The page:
The PEOPLE, Plaintiff and Respondent, v. Robert Nickolas WENDES, Defendant and Appellant.
By information in case No. 269233, defendant was charged with four counts of forgery (Pen.Code § 470), committed on or about June 30 and July 1, 1962. Defendant, appearing with counsel, pleaded guilty to count one on February 15, 1963. Proceedings were suspended, probation was granted for a period of four years upon certain conditions, and the remaining counts were dismissed. On February 25, 1964, defendant's probation was revoked ex parte, and a bench warrant issued.
By another information, in case No. 292456, defendant was charged with two counts of forgery committed on or about February 14 and February 28, 1964. Defendant, represented by counsel, personally pleaded nolo contendere; the court accepted this plea and a probation report was ordered. On September 10, 1964, probation was denied as to count one and defendant was sentenced to state prison for the term prescribed by law. Count two was dismissed on the same date.
At the hearing on September 10, 1964, at which defendant was present and represented by counsel, probation was revoked in case No. 269233, and defendant was sentenced to state prison for the term prescribed by law. The sentences in the two cases were ordered to run concurrently. Defendant appeals from the judgments rendered. In addition to the brief filed on appeal by defendant's appointed counsel, defendant filed briefs in propria persona. We find no merit in any of the contentions urged.
In regard to the alleged irregularity in the revocation of defendant's probation and the imposition of sentence in case No. 269233, defendant does not dispute the correctness of the finding that he had violated the terms of his probation. The revocation of probation was well within the probationary period which was to last until 1967. Defendant was present and represented by counsel at the hearing on the revocation of probation which was held on September 10, 1964. He was sentenced at the same hearing. The fact that this hearing had been set earlier (on August 4, 1964), but had been continued to this date without any reason appearing in the record, gives defendant no ground for argument, since we may not presume that there was any irregularity under such circumstances. ,(people v. Hubert, 204 Cal.App.2d 617, 619, 22 Cal.Rptr. 450.) Although there is no time limit within which sentence may be pronounced after an effective revocation of probation (People v. Williams, 24 Cal.2d 848, 151 P.2d 244), here defendant's sentencing trial began within a matter of days after personal jurisdiction over him was secured and within the original probationary period. In People v. Brown, 111 Cal.App.2d 406, 244 P.2d 702, a defendant was convicted in 1936, his probation was revoked in 1937, but he was not sentenced until 1951, five years after the original probationary period would have ended. The court, citing People v. Williams, supra, held the trial court had jurisdiction to impose sentence.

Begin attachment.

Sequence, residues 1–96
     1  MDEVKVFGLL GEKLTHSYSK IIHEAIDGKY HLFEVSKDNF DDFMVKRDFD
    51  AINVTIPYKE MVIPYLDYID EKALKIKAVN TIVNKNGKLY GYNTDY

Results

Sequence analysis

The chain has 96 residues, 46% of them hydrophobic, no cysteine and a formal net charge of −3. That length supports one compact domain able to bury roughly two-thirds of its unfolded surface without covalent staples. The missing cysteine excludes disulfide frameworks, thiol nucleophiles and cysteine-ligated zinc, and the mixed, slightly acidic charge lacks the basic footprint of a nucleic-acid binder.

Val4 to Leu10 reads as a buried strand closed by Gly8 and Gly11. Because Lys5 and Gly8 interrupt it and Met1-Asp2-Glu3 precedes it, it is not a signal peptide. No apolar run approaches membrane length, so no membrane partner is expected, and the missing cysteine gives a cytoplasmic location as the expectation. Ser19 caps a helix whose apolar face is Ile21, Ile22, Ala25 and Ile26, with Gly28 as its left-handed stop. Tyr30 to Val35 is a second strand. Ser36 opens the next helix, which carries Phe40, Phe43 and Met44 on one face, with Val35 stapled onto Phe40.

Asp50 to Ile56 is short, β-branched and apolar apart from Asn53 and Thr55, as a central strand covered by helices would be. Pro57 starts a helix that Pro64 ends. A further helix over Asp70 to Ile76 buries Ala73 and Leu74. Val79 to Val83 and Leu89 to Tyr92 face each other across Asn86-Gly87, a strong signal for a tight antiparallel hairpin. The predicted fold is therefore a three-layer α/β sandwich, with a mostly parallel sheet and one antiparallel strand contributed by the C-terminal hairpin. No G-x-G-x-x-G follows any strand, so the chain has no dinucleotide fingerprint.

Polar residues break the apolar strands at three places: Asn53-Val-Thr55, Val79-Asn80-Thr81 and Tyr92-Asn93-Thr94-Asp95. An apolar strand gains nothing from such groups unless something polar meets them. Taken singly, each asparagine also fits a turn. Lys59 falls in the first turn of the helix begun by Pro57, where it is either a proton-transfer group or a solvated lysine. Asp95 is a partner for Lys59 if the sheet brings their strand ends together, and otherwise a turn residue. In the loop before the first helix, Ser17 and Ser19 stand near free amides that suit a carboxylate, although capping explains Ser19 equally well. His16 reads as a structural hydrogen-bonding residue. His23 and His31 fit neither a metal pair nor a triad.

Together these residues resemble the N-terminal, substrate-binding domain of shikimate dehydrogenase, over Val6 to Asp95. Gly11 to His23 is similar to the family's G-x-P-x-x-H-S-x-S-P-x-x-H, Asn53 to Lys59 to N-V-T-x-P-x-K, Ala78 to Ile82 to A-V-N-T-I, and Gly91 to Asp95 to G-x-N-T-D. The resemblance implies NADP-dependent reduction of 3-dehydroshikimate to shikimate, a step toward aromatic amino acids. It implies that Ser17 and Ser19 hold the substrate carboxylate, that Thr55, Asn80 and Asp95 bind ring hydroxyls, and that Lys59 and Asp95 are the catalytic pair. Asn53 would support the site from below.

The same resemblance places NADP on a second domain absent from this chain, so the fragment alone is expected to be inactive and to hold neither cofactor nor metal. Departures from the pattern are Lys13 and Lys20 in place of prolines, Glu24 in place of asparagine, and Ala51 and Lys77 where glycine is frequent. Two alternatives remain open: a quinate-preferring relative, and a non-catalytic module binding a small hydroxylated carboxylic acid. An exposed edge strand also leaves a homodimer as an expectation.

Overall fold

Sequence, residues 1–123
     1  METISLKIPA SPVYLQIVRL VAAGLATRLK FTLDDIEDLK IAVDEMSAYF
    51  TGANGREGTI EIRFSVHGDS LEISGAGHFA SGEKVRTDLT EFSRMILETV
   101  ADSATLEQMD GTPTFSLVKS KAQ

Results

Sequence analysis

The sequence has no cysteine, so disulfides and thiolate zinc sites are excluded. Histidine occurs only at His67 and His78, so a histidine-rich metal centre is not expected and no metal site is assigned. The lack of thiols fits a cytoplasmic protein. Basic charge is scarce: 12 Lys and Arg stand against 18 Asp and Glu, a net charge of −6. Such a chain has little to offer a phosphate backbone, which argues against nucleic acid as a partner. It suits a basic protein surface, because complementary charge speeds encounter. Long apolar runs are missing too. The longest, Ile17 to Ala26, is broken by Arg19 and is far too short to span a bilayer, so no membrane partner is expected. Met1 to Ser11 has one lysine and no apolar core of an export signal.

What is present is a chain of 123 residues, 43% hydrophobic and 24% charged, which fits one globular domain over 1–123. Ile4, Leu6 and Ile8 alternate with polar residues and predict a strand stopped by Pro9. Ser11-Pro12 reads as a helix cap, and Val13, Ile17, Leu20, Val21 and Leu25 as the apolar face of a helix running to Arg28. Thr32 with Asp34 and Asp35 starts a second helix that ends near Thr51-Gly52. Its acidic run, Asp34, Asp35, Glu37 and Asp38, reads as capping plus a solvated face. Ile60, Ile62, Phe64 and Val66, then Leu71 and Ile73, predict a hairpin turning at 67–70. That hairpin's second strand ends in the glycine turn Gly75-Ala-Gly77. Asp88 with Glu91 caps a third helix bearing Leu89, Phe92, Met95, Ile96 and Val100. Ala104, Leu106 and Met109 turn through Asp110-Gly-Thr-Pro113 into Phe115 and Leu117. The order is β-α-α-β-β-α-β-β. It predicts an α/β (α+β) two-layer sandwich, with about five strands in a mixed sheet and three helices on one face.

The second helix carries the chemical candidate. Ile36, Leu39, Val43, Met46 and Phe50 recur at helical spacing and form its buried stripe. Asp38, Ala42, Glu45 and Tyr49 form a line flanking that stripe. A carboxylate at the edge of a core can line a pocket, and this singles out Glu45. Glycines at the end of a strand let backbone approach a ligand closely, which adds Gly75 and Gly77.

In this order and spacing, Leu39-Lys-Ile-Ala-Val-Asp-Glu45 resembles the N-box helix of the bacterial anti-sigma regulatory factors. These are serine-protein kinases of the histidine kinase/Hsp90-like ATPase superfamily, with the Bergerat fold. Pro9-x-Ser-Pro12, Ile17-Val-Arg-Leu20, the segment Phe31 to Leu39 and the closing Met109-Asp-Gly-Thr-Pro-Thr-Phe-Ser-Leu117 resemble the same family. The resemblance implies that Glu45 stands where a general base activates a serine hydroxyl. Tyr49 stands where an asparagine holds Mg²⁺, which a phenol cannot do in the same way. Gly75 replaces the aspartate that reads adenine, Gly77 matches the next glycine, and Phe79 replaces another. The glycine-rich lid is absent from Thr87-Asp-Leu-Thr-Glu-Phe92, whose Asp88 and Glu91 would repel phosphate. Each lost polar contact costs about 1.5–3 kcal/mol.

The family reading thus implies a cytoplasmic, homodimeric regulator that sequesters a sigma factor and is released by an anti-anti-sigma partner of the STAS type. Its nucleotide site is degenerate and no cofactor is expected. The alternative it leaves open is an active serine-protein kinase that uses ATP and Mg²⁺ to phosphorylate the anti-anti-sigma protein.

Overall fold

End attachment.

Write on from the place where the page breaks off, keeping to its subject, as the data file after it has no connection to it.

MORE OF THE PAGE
Defendant contends that the trial court lost jurisdiction to impose sentence in case No. 269233 under the provisions of Penal Code section 1203.2a. Defendant alleges in his in propria persona brief that, in April 1964, he wrote letters to his Los Angeles probation officer informing him that he was in custody in another county, and requested an immediate trial in Los Angeles County for the violation of his probation. He contends that by failing to act within 30 days the court lost jurisdiction to impose sentence. Defendant does not contend, however, that his written request was signed in the presence of the warden or superintendent of the prison in which he was confined.